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  5. "Please use a plate."

"Please use a plate."

Translation:Por favor, usa un plato.

March 26, 2013

27 Comments


https://www.duolingo.com/profile/Sfdoc

Usen?...have we had that? Is it present tense or something new?


https://www.duolingo.com/profile/percyflage

In the "ustedes" form. Ouch, that's a bit obscure for my skill level.


https://www.duolingo.com/profile/MystyrNile

Whenever I look up these verbs on Wiktionary, it labels stuff like "usen" as "(used formally in Spain)". So what do people use in America to command ustedes?


https://www.duolingo.com/profile/mattcolor

When studying Latin American Spanish in high school and we were taught to just use "usa," or generally the él/ella/usted form regardless of who we were commanding


https://www.duolingo.com/profile/HunterBaselj

Estoy de acuerdo con este comentario.


https://www.duolingo.com/profile/drockalgzemoser

Spain has "vosotros", or familiar plural form of you. Thus, "usen" as a command, conjugated for ustedes, would be the formal in Spain.

Unless Latin America actually has a different method of commanding like mac5691 has said (I sure hope not!), then "usen" simply is the command for "ustedes", the familiar/formal form of "you" in latin america.


https://www.duolingo.com/profile/S-YBabette

In Spain: command for "vosotros" "usar" = usad You remove the infinitiv "r" and add "d". ALL verbs are regular in "imperativo, vosotros".


https://www.duolingo.com/profile/rmcgwn

You have a point. Usan would have worked in the plural sense. I had to look into this more and I discovered 'usen' is in the subjunctive tense which is something we have not been exposed to. Have I got this wrong?


https://www.duolingo.com/profile/Rickydito

rmcgwn: "Usen" is the command or imperative form for ustedes. It is also subjunctive when used in another setting. (Command forms use the opposite vowel from the infinitive; example, "usar" is an "a-r" verb, so the command forms end in "e" + ending, so that is how we get "usen" instead of "usan".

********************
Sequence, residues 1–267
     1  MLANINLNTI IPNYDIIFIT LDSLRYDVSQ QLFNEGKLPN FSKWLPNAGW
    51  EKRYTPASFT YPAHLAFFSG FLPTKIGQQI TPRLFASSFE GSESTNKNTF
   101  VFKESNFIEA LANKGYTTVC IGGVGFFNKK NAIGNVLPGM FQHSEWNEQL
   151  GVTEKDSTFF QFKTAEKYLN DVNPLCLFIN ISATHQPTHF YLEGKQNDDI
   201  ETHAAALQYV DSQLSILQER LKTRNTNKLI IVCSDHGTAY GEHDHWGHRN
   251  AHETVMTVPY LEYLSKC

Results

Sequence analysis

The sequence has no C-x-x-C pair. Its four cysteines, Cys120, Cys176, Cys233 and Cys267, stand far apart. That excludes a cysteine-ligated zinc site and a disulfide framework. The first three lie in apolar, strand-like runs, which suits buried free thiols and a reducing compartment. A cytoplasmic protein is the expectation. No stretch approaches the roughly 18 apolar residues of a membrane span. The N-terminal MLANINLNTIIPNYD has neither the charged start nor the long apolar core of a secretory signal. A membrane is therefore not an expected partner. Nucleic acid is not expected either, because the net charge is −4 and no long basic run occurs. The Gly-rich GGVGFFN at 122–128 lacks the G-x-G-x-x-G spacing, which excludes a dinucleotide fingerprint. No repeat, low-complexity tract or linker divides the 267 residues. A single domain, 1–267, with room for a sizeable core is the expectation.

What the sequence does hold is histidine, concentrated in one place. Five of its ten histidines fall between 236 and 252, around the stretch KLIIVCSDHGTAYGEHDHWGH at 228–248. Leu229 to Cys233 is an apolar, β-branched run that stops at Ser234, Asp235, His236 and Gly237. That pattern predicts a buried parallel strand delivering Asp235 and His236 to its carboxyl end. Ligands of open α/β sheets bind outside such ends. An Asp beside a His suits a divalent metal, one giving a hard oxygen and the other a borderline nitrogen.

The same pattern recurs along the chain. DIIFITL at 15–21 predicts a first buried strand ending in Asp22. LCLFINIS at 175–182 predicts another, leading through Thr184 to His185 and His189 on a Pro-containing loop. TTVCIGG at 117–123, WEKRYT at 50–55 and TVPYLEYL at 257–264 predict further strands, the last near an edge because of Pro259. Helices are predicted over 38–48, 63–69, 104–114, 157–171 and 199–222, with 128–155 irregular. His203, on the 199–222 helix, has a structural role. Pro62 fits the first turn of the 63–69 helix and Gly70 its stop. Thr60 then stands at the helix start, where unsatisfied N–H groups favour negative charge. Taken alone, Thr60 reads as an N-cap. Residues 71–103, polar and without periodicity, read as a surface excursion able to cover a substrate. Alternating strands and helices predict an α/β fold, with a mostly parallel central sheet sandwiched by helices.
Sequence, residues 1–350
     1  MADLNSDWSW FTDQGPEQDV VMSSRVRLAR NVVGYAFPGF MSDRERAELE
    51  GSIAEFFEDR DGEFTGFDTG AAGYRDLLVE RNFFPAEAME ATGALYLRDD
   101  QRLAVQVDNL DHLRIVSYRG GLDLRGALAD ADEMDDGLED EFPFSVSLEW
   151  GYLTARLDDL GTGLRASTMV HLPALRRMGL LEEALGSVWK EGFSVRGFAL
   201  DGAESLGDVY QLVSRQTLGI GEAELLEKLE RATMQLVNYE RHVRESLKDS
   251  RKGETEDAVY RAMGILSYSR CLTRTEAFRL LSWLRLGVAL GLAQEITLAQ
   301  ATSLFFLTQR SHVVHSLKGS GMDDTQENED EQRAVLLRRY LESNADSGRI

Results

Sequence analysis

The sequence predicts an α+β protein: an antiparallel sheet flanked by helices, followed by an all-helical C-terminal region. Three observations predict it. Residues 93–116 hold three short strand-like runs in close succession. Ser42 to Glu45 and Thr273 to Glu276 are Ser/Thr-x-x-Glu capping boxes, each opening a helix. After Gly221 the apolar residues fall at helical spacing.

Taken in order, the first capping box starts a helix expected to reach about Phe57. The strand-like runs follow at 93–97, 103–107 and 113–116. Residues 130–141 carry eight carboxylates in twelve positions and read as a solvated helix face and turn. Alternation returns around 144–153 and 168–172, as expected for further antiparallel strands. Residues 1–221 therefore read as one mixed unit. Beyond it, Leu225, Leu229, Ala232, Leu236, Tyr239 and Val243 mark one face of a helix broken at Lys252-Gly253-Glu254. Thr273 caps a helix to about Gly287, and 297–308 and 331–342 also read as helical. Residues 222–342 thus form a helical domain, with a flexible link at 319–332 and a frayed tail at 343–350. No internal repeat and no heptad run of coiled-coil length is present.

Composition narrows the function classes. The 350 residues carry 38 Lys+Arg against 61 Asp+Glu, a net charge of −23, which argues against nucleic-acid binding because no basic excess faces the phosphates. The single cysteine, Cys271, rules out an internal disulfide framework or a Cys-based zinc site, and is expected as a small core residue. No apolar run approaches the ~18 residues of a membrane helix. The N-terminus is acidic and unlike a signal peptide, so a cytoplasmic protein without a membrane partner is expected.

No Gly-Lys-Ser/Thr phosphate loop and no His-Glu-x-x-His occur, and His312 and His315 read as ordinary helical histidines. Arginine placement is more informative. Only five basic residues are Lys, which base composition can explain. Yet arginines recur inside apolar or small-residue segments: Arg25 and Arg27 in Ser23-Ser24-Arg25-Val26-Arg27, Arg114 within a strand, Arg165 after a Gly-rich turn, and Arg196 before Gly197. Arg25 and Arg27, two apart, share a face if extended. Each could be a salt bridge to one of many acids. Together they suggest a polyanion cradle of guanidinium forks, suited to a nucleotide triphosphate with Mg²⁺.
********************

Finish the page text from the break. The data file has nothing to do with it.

https://www.duolingo.com/profile/AbbeyC5

when you look at a word that is highlighted and click conjugator it shows present tense & subjunctive in another tab


https://www.duolingo.com/profile/glazewg

Not fair to lose a heart when we haven't yet been introduced to that tense in DL!!!


https://www.duolingo.com/profile/mmm152318

Focus more on learning and less on "winning"


https://www.duolingo.com/profile/anthony.kristy

Command tense is in the third person!


https://www.duolingo.com/profile/GershonOsm

Why usá? It said the apostrophe was needed.


https://www.duolingo.com/profile/B386329

I have the same question. Does someone know?


https://www.duolingo.com/profile/RichardMag3

Yes, the pull down does not show an accent for the familiar form and nothing for formal


https://www.duolingo.com/profile/GershonOsm

Found an answer here: http://study-spanish-language.com/grammar/conjugating-vos/ it says that usá is imperative of usar for vos, which is used in some Latin American countries instead of tú.


https://www.duolingo.com/profile/Senor_Yatco

And "Favor de + infinitive?" Why is that incorrect?


https://www.duolingo.com/profile/DeSombra

this is a good point, but i still feel both should be accepted. i actually am in a profession where i really might have to write a sign asking someone to do something. like, "favor de obtener un boleto antes de entrar el sitio historico."


https://www.duolingo.com/profile/Rickydito

I think if very formal Spanish, it would be correct, but not in everyday conversation.


https://www.duolingo.com/profile/Akirasabine

(Tu) usas un plato por favor. No?


https://www.duolingo.com/profile/DeSombra

i used «favor de usar un plato» which is a form of request I have seen used. why is it wrong?


https://www.duolingo.com/profile/JonCarrodus

Yes, usen is the imperative PLURAL form, but if talking to more than one person surely you'd say "Please use plates."


https://www.duolingo.com/profile/elissaf1

I would have thought that as well, but there was a conversation in a different chat in which the sentence "do animals have a soul?" was discussed (linguistically, not philosophically ;)

The upshot was that you use a singular object to convey that each has one. "Animals have souls" would convey each has plural.

I was wondering whether that rule applies here as well. I don't know if the rule is simply about a plural subject, since, that conversation was about a class.


https://www.duolingo.com/profile/EllingGran

"Utilizá un plato por favor" is also accepted. Sounded better to me. Also, I couldn't remember any other word for "use".

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